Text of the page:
Isa 38:16-19 Lord, by these things men live; Wholly therein is the life of my spirit: You restore me, and cause me to live. Behold, it was for my peace that I had great bitterness: But you have in love to my soul delivered it from the pit of corruption; For you have cast all my sins behind your back. For Sheol can't praise you, death can't celebrate you: Those who go down into the pit can't hope for your truth. The living, the living, he shall praise you, as I do this day: The father to the children shall make known your truth.
These scriptures speak for themselves. Lets summarize what we see.
When a person dies, they return to the dust. Their memories, wisdom (or foolishness), and thoughts perish. The dead cannot praise the Almighty, and thus you should do it while you are alive. When you die, your consciousness doesn't go to heaven. It all goes back to the dirt, the dust.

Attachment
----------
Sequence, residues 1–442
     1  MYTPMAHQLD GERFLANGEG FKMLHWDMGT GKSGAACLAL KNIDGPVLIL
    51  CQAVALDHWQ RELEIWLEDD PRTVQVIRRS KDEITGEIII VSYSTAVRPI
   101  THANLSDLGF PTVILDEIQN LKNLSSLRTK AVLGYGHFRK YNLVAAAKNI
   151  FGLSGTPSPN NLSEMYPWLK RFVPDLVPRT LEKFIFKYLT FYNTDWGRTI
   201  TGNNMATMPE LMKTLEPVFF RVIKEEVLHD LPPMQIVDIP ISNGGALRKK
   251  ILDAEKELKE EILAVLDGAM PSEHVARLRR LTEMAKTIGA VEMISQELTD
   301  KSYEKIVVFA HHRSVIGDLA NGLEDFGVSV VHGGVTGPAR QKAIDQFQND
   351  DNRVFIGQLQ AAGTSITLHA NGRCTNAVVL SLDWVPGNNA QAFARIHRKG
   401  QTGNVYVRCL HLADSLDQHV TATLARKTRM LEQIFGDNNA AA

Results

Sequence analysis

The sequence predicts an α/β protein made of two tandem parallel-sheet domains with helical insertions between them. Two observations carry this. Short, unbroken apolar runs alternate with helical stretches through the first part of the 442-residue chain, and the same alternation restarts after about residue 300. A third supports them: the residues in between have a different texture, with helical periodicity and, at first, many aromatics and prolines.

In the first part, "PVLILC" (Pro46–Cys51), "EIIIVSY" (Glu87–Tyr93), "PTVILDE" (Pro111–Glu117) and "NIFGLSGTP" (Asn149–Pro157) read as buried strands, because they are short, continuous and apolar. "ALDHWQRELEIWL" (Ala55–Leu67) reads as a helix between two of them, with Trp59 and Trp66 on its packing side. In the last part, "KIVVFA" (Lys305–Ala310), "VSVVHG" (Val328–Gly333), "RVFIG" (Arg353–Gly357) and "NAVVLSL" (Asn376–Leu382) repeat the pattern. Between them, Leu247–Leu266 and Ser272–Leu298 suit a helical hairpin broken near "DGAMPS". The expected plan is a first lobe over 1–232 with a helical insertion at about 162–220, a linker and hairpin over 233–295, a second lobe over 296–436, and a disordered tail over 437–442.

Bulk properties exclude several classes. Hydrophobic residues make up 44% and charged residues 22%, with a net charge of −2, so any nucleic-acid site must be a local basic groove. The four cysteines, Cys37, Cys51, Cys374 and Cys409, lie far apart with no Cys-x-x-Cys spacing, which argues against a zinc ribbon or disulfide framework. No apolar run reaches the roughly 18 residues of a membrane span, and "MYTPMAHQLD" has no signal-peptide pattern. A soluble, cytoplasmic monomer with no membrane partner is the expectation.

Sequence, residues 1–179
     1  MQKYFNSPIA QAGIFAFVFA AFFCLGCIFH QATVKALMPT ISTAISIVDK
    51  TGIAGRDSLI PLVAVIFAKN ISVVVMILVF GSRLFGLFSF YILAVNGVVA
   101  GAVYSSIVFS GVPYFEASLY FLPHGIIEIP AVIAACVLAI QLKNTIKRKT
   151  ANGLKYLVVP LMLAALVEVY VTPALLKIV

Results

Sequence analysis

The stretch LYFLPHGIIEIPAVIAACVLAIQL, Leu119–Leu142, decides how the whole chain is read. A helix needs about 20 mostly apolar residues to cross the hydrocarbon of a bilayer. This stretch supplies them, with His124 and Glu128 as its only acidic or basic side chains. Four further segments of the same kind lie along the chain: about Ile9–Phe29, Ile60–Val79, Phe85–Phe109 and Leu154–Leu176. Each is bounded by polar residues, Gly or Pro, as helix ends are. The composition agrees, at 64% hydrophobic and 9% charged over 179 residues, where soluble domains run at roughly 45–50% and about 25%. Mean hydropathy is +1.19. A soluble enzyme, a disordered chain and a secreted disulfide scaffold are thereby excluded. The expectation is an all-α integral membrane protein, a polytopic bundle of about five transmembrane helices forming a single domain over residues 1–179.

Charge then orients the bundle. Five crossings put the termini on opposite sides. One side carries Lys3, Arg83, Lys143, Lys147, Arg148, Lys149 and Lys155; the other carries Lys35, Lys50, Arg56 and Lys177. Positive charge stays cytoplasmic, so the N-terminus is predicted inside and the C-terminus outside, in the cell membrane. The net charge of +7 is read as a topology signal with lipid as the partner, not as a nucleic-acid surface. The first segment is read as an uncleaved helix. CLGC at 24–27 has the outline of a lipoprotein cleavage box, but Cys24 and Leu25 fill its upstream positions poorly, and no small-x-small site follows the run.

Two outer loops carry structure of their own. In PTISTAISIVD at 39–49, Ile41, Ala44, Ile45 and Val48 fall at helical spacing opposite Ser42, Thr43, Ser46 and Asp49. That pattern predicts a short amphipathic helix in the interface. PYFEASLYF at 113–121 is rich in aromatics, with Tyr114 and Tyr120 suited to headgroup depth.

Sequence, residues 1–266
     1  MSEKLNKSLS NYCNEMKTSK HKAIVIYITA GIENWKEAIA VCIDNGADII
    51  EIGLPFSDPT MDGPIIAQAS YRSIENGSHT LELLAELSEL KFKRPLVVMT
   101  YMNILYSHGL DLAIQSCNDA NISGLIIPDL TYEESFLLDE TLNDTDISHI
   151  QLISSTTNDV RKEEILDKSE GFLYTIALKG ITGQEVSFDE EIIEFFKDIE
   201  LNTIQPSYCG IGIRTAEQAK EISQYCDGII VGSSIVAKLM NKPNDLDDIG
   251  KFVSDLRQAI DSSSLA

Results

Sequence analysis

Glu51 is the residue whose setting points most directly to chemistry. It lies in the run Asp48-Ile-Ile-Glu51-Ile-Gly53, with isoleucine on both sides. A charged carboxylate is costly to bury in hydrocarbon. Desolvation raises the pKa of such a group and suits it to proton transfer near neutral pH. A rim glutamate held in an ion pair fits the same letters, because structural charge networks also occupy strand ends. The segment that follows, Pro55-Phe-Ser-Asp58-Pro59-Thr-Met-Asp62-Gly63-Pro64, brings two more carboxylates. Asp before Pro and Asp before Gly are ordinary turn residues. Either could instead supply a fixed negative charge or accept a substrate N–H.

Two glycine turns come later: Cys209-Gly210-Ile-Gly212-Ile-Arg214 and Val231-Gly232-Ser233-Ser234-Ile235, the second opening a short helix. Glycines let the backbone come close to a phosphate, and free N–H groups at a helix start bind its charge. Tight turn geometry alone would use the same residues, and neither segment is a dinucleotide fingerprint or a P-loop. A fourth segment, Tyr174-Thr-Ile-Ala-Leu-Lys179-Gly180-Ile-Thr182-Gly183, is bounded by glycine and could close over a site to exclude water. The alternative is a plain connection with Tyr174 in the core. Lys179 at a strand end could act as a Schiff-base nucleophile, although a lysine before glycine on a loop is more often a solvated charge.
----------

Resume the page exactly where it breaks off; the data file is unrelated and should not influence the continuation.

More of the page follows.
Once again, this is death!
Two important passages in the holy scripture are in Ecclesiastes 3 and 12.
Ecc 3:19-22 For that which happens to the sons of men happens to animals. Even one thing happens to them. As the one dies, so the other dies. Yes, they have all one breath [ruach]; and man has no advantage over the animals: for all is vanity. All go to one place. All are from the dust, and all turn to dust again. Who knows the spirit [ruach] of man, whether it goes upward, and the spirit [ruach] of the animal, whether it goes downward to the earth?" Therefore I saw that there is nothing better, than that a man should rejoice in his works; for that is his portion: for who can bring him to see what will be after him?
Ecc 12:7 And the dust returns to the earth as it was, And the spirit [ruach] returns to the Deity who gave it.